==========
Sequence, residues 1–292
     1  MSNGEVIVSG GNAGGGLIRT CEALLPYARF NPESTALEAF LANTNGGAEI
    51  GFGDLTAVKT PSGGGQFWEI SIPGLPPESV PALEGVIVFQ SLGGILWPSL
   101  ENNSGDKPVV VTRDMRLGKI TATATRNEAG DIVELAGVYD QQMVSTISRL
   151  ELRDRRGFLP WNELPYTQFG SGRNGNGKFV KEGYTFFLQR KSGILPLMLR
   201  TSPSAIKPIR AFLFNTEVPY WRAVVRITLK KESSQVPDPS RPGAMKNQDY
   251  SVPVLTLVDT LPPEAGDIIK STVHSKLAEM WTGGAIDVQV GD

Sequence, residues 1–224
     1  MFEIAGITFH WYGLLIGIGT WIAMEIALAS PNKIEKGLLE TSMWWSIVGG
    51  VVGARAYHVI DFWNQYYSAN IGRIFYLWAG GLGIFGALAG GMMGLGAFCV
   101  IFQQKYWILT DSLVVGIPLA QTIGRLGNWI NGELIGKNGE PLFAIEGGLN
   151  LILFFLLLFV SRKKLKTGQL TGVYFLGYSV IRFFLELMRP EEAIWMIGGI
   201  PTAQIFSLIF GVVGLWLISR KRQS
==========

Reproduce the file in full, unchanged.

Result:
Sequence, residues 1–292
     1  MSNGEVIVSG GNAGGGLIRT CEALLPYARF NPESTALEAF LANTNGGAEI
    51  GFGDLTAVKT PSGGGQFWEI SIPGLPPESV PALEGVIVFQ SLGGILWPSL
   101  ENNSGDKPVV VTRDMRLGKI TATATRNEAG DIVELAGVYD QQMVSTISRL
   151  ELRDRRGFLP WNELPYTQFG SGRNGNGKFV KEGYTFFLQR KSGILPLMLR
   201  TSPSAIKPIR AFLFNTEVPY WRAVVRITLK KESSQVPDPS RPGAMKNQDY
   251  SVPVLTLVDT LPPEAGDIIK STVHSKLAEM WTGGAIDVQV GD

Sequence, residues 1–224
     1  MFEIAGITFH WYGLLIGIGT WIAMEIALAS PNKIEKGLLE TSMWWSIVGG
    51  VVGARAYHVI DFWNQYYSAN IGRIFYLWAG GLGIFGALAG GMMGLGAFCV
   101  IFQQKYWILT DSLVVGIPLA QTIGRLGNWI NGELIGKNGE PLFAIEGGLN
   151  LILFFLLLFV SRKKLKTGQL TGVYFLGYSV IRFFLELMRP EEAIWMIGGI
   201  PTAQIFSLIF GVVGLWLISR KRQS